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Advocacy group accuses Shell of ‘greenwashing’ and misleading investors in SEC complaint

The Washington Post

Advocacy group accuses Shell of ‘greenwashing’ and misleading investors in SEC complaint

Analysis by  with research by Vanessa Montalbano

February 1, 2023 at 8:03 a.m. EST

An advocacy group is accusing the oil giant Royal Dutch Shell of misleading investors by classifying its investments in natural gas as spending on renewable energy.

In a complaint filed today with the Securities and Exchange Commission, the group Global Witness argues that Shell’s classifications amount to “greenwashing” — the practice of portraying a business or product as more environmentally friendly than it really is.

The pioneering complaint opens a new front in a burgeoning battle over gas’s green credentials. While gas has lower emissions than coal, its primary component is methane, a powerful planet-warming pollutant.

“Shell has been engaging in what we consider to be pretty egregious greenwashing,” Zorka Milin, a senior legal adviser at Global Witness, told The Climate 202. “And we would like to invite scrutiny from the appropriate authorities.”

The complaint alleges that Shell has improperly included gas investments in the category “Renewables and Energy Solutions” in its annual reports to the SEC.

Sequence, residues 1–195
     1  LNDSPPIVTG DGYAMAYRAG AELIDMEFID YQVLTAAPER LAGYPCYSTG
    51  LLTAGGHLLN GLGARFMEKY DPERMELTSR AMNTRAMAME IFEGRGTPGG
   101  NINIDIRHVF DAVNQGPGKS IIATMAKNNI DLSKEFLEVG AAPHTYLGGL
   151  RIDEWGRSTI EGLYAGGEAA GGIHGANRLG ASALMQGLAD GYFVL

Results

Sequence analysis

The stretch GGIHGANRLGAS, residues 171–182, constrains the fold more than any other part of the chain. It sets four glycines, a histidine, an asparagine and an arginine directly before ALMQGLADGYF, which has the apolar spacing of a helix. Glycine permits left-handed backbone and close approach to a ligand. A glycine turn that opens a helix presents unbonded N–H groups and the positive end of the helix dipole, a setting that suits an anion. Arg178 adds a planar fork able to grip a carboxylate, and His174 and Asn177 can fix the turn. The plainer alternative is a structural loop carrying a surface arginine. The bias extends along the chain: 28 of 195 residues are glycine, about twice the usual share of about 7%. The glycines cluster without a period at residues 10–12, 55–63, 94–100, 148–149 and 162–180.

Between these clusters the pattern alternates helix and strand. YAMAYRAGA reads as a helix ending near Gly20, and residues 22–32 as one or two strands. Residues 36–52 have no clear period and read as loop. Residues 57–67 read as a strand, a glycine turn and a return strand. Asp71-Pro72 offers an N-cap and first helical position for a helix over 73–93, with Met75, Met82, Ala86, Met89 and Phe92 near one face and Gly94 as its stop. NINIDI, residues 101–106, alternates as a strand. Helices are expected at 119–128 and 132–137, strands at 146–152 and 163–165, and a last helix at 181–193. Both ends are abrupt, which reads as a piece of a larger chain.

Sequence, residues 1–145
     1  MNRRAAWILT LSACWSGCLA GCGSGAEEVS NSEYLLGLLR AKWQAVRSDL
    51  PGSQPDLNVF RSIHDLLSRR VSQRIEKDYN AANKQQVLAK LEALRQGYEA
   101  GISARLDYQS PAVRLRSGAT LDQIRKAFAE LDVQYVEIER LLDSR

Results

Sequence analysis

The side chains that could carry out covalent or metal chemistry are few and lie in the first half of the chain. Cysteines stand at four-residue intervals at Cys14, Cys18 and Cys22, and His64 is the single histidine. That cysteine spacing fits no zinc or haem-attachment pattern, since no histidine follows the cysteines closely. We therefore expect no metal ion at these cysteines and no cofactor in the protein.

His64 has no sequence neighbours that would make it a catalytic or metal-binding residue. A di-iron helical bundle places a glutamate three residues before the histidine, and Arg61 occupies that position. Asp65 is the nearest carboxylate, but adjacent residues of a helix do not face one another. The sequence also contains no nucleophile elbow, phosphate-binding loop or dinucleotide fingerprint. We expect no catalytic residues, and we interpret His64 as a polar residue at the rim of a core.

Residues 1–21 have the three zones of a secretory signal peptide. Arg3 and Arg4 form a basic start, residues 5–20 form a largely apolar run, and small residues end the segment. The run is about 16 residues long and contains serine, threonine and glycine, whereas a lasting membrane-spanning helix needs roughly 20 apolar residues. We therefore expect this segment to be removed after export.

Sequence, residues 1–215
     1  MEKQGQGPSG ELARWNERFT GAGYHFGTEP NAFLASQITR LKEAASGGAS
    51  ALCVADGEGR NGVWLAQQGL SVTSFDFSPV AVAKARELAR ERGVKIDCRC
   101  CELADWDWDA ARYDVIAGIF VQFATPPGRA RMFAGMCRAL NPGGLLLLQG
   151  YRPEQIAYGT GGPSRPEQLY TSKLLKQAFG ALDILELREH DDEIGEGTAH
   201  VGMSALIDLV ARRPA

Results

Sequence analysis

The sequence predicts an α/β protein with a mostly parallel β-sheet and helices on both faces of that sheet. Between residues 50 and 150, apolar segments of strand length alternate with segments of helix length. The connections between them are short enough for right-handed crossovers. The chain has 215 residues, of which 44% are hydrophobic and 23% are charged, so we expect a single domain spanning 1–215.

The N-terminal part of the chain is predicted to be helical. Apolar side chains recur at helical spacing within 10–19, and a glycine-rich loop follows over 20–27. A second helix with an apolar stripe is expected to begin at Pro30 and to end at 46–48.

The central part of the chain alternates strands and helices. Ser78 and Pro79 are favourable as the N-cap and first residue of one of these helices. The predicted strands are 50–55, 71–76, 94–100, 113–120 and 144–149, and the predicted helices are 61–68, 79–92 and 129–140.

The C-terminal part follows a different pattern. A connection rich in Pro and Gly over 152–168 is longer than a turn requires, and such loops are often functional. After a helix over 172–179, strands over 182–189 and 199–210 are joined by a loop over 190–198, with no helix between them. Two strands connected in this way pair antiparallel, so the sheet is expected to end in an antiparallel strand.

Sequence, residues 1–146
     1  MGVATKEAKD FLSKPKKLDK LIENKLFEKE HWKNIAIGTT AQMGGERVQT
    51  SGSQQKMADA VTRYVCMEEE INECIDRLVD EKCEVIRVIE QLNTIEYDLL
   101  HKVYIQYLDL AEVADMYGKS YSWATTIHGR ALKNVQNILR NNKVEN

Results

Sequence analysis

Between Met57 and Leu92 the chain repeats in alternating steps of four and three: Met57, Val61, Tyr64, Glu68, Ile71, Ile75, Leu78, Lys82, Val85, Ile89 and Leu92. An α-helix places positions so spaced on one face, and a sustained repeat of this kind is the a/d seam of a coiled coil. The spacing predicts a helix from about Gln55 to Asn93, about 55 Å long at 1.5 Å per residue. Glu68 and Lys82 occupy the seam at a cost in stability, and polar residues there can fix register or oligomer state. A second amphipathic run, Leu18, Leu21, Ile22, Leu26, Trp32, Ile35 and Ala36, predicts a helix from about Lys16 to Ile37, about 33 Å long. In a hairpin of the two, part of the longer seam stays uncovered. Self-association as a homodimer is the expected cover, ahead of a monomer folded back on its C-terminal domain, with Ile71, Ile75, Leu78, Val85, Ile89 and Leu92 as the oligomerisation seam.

• In Shell’s most recent annual report, for instance, the company said it directed 12 percent of its capital expenditure to “Renewables and Energy Solutions” in 2021.
  • But according to a Global Witness analysis of figures reported by Shell, the company directed just 1.5 percent of its capital expenditure to developing renewable energy sources such as wind and solar power. The rest of the spending went toward gas.
  • As a result, Global Witness alleges, Shell has misled investors about its commitment to transitioning away from fossil fuels and reducing its exposure to climate-related risks.

The complaint urges the SEC to investigate the matter and take “appropriate enforcement action” if it finds that Shell has unlawfully made misleading statements or omissions.

Asked for comment, Shell spokesman Curtis Smith said in an email that “we’re confident Shell’s financial disclosures are fully compliant with all SEC and other reporting requirements.”

Smith added that the oil giant budgeted $20 billion last year for “energy transition activities,” including investments in “low-carbon fuels,” wind, hydrogen, and carbon capture and sequestration.

Record-smashing profits

Meanwhile, the country’s largest oil companies are also facing scrutiny for posting record profits while gasoline prices creep up amid the war in Ukraine, our colleague Evan Halper reports.


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